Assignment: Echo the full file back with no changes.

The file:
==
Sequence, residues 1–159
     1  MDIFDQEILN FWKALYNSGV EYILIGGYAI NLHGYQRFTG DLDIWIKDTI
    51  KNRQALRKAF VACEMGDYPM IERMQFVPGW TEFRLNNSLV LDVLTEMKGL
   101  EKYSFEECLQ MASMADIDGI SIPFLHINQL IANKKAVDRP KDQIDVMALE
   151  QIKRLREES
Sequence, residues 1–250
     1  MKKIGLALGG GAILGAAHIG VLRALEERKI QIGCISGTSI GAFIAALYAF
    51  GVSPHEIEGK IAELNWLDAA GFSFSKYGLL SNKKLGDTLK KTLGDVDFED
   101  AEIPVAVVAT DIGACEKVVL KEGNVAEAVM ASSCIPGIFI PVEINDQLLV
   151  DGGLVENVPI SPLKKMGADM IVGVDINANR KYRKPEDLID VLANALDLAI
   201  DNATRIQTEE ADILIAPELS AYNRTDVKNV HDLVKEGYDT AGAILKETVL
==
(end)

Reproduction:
Sequence, residues 1–159
     1  MDIFDQEILN FWKALYNSGV EYILIGGYAI NLHGYQRFTG DLDIWIKDTI
    51  KNRQALRKAF VACEMGDYPM IERMQFVPGW TEFRLNNSLV LDVLTEMKGL
   101  EKYSFEECLQ MASMADIDGI SIPFLHINQL IANKKAVDRP KDQIDVMALE
   151  QIKRLREES
Sequence, residues 1–250
     1  MKKIGLALGG GAILGAAHIG VLRALEERKI QIGCISGTSI GAFIAALYAF
    51  GVSPHEIEGK IAELNWLDAA GFSFSKYGLL SNKKLGDTLK KTLGDVDFED
   101  AEIPVAVVAT DIGACEKVVL KEGNVAEAVM ASSCIPGIFI PVEINDQLLV
   151  DGGLVENVPI SPLKKMGADM IVGVDINANR KYRKPEDLID VLANALDLAI
   201  DNATRIQTEE ADILIAPELS AYNRTDVKNV HDLVKEGYDT AGAILKETVL